Early voting in Jersey's election 'may improve turnout'

Polling Station
Image caption People in Jersey will be able to vote for four senators on 19 October

People being able to vote before election day may increase turnout in Jersey's elections, according to a political analyst.

Prof Adrian Lee, who specialises in democracy in small communities, said pre-poll voting should help to encourage more people to vote.

Election law changes mean anyone can vote before polling day on Wednesday.

Prof Lee said: "The idea of a central polling place where people can vote in advance should enhance turnout."

Jersey's election turnouts at the last election in 2008 averaged about 45% - 50% in some parishes and just 34% in St Helier.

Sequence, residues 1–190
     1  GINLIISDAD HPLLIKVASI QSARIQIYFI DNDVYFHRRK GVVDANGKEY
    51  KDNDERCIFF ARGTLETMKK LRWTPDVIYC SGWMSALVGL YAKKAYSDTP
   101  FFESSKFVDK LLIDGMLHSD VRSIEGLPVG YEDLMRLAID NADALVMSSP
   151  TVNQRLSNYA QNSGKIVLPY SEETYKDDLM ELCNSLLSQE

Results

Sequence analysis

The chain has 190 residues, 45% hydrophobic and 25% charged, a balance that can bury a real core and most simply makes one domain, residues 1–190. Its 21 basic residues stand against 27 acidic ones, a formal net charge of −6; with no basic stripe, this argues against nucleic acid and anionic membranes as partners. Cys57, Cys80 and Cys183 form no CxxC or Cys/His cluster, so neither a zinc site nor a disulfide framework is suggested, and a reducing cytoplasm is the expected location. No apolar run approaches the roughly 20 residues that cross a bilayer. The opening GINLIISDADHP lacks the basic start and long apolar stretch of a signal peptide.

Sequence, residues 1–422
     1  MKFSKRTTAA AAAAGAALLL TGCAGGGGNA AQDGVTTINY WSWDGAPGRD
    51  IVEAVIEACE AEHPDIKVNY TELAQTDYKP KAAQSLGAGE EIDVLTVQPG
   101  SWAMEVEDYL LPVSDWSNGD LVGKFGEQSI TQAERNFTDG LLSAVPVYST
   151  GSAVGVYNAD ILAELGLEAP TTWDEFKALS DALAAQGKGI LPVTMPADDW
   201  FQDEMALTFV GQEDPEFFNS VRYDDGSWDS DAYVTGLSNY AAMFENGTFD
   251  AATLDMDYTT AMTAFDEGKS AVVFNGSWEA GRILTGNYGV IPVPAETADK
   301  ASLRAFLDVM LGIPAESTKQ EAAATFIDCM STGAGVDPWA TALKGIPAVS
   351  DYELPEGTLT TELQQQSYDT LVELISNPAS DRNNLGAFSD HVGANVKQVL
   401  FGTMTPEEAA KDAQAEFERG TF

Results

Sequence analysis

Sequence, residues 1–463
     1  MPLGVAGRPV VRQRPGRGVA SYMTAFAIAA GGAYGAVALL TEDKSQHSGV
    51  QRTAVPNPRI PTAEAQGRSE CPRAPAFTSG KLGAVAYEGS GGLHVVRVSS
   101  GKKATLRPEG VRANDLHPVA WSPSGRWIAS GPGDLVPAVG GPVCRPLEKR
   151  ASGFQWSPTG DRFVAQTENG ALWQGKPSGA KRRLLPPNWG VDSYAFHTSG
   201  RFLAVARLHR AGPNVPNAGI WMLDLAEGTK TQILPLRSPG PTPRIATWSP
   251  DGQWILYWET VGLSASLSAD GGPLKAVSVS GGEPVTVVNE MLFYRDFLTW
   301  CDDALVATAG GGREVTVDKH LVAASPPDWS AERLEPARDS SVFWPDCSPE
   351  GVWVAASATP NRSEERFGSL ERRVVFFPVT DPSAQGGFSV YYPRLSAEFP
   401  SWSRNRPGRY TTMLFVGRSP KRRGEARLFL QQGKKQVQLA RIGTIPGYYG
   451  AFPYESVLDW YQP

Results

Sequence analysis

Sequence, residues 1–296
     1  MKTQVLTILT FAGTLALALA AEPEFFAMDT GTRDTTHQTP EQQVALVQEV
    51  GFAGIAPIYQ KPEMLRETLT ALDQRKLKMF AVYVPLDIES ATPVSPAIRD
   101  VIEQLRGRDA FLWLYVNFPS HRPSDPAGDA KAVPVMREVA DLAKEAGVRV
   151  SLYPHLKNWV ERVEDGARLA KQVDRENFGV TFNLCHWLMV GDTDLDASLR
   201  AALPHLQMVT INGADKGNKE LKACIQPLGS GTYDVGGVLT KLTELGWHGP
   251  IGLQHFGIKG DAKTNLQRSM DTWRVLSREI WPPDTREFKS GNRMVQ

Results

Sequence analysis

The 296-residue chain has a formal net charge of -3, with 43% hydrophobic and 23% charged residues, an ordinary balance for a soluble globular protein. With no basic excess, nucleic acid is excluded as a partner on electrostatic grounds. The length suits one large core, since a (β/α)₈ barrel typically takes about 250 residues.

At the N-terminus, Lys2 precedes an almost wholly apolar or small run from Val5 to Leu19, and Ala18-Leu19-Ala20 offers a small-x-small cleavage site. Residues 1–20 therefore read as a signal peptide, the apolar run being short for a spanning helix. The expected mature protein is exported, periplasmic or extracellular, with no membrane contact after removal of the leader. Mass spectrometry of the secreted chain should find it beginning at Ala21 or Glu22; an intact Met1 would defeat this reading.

Multiple votes

This puts the island turnout near the bottom of the world election table.

The highest turnout in Jersey in 2008 was in St Mary, with 59.5%.

At the most recent island-wide election, where Senator Le Gresley topped the poll, turnout was just 30%.

Prof Lee said there was evidence from recent local council elections in England that pre-poll voting improved turnout.

He said: "The electoral commission tried this about four of five years ago and it did have an increase in turnout."

On 19 October islanders will have more votes to cast at one time than ever before.

Every registered elector will be able to vote for four senators and, depending on the district, may be able to vote for a constable and up to four deputies.

More on this story

Related Internet links

The BBC is not responsible for the content of external Internet sites